Also with current industrialization levels most work needs a lot of experience and competence.

Well, for one, we could create more building society models for business lending with less restrictive terms of interest laden repayment that helps individuals tailor their industry participation towards providing what they believe is the best kind of service for the public at large and what they can provide ....

That's one thing we could start doing.

generals3:

Ironically, statistics tell exactly the opposite. Strong welfare and easy access to good and stable jobs tend to slow down Entrepreneurship. And that's because it significantly reduces the amount of entrepreneurs who launch their venture/business out of need while the amount of entrepreneurs by "choice" remains relatively stable.

Right but how exactly does that impact the argument that we should be promoting dynamic, small enterprise through better lending practices which, in part, goes on to relieve employment stress to begin with? Surely the solution isn't everyone working in a megacorporation, just with a slightly better paycheque? Honestly I'd rather have a roll of the dice and try to be my own boss again.

The way you get 'good, stable jobs' is through labour demand, and you don't get labour demand without good market activity.

Anbd even if you can make the argument entrepreneurship rises during times of economic hardship, surely then the argument should be to make small business viable and reduce pressures from business lending to start ups? Running a business is fucking stressful, I agree ... but it's pretty rewarding. It's not for everyone, but then again it merely has to be a viable alternative for those that it is for.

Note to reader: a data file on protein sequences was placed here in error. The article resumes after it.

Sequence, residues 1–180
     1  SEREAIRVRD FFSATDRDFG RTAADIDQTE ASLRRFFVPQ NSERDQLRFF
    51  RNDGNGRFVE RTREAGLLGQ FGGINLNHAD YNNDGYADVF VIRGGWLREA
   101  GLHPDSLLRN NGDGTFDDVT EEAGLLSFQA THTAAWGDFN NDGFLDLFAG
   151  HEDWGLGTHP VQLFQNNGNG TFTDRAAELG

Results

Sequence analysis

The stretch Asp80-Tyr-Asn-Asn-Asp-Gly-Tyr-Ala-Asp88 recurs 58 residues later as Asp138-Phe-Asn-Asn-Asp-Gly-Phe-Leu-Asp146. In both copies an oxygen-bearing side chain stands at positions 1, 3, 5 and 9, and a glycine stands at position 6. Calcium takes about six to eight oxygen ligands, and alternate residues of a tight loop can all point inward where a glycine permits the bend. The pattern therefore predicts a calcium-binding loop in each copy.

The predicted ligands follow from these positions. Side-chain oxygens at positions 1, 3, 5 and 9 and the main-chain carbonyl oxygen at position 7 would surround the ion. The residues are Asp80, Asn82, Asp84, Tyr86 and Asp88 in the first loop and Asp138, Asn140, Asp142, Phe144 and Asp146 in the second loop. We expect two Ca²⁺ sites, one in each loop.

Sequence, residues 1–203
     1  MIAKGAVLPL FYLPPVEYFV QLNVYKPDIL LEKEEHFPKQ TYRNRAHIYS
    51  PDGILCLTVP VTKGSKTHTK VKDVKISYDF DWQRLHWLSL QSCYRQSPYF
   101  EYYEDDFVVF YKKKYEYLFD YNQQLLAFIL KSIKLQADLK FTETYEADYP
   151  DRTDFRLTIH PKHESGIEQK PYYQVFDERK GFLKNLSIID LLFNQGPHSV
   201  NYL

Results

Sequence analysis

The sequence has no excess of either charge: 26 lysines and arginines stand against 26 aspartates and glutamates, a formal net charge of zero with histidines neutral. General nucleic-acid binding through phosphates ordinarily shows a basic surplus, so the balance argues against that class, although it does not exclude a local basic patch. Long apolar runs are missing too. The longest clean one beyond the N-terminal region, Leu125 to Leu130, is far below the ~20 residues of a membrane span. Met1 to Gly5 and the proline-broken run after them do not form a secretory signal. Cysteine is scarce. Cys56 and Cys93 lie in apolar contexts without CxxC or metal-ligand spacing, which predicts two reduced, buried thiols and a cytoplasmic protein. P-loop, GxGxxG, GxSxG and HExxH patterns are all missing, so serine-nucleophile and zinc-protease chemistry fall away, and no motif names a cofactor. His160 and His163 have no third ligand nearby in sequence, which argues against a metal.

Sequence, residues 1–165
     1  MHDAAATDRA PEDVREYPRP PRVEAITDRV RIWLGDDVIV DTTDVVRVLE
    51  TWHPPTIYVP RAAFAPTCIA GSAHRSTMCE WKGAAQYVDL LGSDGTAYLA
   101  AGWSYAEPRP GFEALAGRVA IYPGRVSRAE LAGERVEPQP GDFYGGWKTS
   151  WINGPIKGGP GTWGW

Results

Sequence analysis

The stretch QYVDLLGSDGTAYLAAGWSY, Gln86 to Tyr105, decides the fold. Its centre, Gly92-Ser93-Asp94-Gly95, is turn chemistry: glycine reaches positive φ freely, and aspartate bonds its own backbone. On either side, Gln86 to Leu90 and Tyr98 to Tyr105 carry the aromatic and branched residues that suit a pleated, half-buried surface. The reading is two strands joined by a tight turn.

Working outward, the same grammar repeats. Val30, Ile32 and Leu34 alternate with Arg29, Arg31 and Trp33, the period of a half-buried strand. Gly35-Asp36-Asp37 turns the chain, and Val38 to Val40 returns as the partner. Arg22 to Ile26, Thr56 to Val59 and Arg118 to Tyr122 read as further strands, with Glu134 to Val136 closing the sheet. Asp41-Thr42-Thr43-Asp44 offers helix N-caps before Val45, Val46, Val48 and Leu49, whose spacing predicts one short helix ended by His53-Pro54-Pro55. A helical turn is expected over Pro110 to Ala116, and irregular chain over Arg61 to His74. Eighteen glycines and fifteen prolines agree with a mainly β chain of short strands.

Addendum_Forthcoming:
It is infinitely better instead of giving all the people like me a UBI, you instead turn that money into putting it in the hands of the disadvantaged who do have better ideas of future industry. Ones that will create new demands for labour, and new demands for new types of labour.

Most people don't have any ideas for future industry let alone viable ones. Which is the main reason they don't try to start a buissness. Even the few ones who have good ideas are rarely able to make them reality even if they have enough money to give it a try.

I don't know much about Australia, but here in Germany we actually do give out 0% gouvernment loans to poor people who want to start a buissness. We even give out gouvernment sponsored classes in "how to start a buissness" and have free councellors for what are the regulations etc.
It actually doesn't cost the gouvernment a lot of money because still the majority of evenpoor people don't give it a try. And nearly all of the startups are nothing new or revolutionary. It is nearly always things like "opening a restaurant" or "trying to do do the same thing as before, but now as contractor".